Quite a hefty tome, Tenements, Towers, and Trash: An Unconventional Illustrated History of New York City is Julia Wertz’s exhaustive and fascinating tribute to the great, vibrant metropolis that is New York, now and throughout time. Completely packed with information and details, I think readers could really get absorbed in Wertz’s engaging, snarky, and informal writing, her learned opinions, and her intricate, meticulous recreations of city street scenes.
Living in the city for a decade, it is easy to see Wertz’ passion and love of the place and its stories, and while she writes it is “not a useful guide to New York City,” for someone who has not yet spent more than a few hours in New York, the book really sparked an interest to visit and explore some of the places mentioned. Every page offered new cool facts, insights, and oddities; in addition to the promised tenements, towers, and trash. I learned more about some things I had heard of before, like the Kim’s Video saga, and a lot of things totally new, such as Madame Restell, New York’s infamous nineteenth century “abortionist,” and the little known role she had in women’s history in the city. Surprisingly, one of the most interesting segments for me was Wertz’s discussion of real estate in New York, in all its complexities and over the top housing opportunities. I had no idea of the difficulties, aside from the cost, of finding housing in New York, and as my wife and I are currently stressing out searching for real estate in the Twin Cities, it resonates.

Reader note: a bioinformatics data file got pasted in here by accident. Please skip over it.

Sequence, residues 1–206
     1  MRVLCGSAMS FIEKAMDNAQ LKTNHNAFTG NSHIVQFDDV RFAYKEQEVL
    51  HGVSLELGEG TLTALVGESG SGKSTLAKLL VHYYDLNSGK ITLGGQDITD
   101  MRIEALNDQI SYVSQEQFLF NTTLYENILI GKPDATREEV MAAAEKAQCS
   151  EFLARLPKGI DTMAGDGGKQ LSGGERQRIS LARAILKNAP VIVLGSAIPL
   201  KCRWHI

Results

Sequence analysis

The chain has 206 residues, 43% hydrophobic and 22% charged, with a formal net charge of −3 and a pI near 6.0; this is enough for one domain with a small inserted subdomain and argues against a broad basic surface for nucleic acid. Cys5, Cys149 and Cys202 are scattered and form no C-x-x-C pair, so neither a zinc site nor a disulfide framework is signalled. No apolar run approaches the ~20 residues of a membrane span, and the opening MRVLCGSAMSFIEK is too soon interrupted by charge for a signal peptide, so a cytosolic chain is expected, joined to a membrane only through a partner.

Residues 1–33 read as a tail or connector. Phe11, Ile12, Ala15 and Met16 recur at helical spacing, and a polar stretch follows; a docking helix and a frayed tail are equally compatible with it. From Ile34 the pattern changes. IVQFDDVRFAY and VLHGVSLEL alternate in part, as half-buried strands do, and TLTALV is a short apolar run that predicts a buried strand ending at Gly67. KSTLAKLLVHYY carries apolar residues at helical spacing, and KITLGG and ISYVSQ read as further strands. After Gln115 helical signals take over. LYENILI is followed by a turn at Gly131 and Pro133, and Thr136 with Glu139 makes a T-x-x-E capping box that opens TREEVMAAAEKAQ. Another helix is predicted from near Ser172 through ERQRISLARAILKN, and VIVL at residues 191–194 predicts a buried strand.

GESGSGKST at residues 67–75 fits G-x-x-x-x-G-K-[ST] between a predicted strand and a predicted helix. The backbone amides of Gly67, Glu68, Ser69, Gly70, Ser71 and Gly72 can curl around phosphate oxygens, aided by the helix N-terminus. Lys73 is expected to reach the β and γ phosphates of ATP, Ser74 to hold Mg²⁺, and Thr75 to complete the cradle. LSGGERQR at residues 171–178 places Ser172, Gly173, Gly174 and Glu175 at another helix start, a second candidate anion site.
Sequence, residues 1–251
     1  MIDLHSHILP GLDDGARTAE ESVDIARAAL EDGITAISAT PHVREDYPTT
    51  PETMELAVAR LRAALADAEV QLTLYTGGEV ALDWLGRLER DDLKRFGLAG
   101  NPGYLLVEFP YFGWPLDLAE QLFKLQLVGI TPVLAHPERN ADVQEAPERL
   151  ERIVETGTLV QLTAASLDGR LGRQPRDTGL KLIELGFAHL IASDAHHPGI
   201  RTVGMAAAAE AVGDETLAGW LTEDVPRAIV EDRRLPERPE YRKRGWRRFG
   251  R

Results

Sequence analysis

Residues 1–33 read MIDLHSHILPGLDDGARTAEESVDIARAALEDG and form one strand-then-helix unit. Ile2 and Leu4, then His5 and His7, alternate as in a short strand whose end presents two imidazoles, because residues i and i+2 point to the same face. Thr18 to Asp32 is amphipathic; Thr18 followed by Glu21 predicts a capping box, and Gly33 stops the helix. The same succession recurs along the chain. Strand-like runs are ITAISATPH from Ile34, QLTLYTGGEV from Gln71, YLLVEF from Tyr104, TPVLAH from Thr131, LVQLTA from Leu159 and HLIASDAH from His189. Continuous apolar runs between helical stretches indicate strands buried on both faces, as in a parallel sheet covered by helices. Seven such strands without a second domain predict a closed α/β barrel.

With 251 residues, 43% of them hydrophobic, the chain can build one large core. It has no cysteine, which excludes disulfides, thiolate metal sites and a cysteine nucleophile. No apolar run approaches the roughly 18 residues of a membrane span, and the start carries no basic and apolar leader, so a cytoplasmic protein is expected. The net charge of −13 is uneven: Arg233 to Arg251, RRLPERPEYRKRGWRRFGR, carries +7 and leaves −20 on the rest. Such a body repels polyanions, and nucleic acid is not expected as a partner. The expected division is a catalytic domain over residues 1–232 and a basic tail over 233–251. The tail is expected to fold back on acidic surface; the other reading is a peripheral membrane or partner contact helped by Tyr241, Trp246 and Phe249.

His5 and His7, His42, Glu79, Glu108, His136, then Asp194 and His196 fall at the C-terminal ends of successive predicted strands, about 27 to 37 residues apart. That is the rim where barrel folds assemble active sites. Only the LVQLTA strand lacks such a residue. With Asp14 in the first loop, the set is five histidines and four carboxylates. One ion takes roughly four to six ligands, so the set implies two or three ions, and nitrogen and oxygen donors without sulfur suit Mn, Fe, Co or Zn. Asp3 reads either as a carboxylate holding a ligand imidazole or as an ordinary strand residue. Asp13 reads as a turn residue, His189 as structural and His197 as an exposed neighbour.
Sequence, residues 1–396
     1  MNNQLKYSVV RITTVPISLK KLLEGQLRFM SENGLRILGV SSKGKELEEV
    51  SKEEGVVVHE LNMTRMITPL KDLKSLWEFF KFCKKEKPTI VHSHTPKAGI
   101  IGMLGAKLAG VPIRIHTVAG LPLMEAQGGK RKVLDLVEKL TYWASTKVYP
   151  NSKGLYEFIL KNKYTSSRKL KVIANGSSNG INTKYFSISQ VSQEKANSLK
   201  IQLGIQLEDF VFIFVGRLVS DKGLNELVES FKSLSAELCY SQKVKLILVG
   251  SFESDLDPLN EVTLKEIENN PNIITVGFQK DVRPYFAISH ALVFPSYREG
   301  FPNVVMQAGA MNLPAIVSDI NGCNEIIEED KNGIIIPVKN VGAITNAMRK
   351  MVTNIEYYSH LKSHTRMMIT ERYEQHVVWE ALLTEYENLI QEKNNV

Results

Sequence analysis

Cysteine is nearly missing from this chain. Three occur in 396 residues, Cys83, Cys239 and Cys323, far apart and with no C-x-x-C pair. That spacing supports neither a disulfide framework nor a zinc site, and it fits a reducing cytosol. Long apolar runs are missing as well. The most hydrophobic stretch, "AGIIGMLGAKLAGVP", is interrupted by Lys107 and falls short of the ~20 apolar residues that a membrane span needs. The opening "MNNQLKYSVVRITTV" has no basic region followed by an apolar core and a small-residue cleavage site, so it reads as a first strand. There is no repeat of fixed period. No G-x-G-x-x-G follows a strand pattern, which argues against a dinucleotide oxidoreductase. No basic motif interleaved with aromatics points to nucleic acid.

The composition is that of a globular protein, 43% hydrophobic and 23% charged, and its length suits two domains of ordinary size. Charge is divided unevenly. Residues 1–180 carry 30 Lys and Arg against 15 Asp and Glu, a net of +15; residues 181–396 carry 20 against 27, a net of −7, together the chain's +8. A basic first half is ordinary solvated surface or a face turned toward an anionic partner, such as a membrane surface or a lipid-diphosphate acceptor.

Wertz illustrates loving depictions of her favorite indie book stores, bakeries, even pharmacies, and, of course, pizza joints. Throughout the account, Wertz really demonstrates an eye for architecture, and the details in the drawings are just amazing, with the streetlevel scenes that you can keep exploring and discover new things on another look, little things like a “lighting library” on Bowery. What could that be? The story of the city as shown by the streetscene, architecture and storefront signage that survives and changes. As we read on, pouring over her depictions of intersections in the 1930s or 1970s contrasted with a scene from the 2010s, we watch the disappearance of ornate cigar stores in place of chain restaurants and dollar stores, the tendency for old theaters to become churches.
One of my favorite sections was near the end, a series of streetscapes taken from one of Wertz’s long walks through the boroughs of the city, Brooklyn, Manhattan, Queens. I could really feel the energy of the many neighborhoods that make them up through the artwork, and was a great conclusion to the book. From someone who also relishes walking long distances in my own cities, from Downtown to Uptown or from Summit Hill to Lowertown, observing the passing architecture and scenery, I really appreciated the chance to do the same in another city.